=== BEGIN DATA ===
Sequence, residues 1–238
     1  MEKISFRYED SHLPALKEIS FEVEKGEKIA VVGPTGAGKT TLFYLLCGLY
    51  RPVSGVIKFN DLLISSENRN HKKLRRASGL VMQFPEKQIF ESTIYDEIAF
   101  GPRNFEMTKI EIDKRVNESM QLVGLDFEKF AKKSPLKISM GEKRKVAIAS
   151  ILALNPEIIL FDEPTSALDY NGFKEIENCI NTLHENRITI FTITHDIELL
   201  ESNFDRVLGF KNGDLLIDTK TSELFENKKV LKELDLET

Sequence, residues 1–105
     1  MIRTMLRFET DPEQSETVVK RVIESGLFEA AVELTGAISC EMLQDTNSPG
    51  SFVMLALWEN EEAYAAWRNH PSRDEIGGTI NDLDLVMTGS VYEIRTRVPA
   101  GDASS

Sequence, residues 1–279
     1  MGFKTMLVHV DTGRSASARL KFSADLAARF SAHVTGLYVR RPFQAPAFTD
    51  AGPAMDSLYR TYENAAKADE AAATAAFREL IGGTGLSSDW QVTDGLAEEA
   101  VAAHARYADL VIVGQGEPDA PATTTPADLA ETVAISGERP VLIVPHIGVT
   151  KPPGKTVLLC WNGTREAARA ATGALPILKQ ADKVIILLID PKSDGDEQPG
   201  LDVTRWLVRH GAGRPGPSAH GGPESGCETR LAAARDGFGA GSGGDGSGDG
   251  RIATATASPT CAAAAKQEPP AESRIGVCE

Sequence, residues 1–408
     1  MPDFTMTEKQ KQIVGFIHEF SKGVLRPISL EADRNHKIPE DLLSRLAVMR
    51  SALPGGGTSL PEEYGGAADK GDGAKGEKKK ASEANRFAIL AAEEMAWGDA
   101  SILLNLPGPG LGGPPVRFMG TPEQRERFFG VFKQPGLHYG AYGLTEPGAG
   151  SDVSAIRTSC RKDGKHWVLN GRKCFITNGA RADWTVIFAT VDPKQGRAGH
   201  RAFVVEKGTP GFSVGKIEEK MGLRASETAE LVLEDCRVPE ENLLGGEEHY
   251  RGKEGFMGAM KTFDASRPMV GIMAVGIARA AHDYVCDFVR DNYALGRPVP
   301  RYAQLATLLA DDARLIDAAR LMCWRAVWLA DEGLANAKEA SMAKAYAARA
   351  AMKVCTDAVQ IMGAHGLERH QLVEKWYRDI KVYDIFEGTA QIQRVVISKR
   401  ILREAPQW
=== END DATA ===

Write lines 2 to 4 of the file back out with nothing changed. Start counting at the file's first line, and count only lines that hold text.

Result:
     1  MEKISFRYED SHLPALKEIS FEVEKGEKIA VVGPTGAGKT TLFYLLCGLY
    51  RPVSGVIKFN DLLISSENRN HKKLRRASGL VMQFPEKQIF ESTIYDEIAF
   101  GPRNFEMTKI EIDKRVNESM QLVGLDFEKF AKKSPLKISM GEKRKVAIAS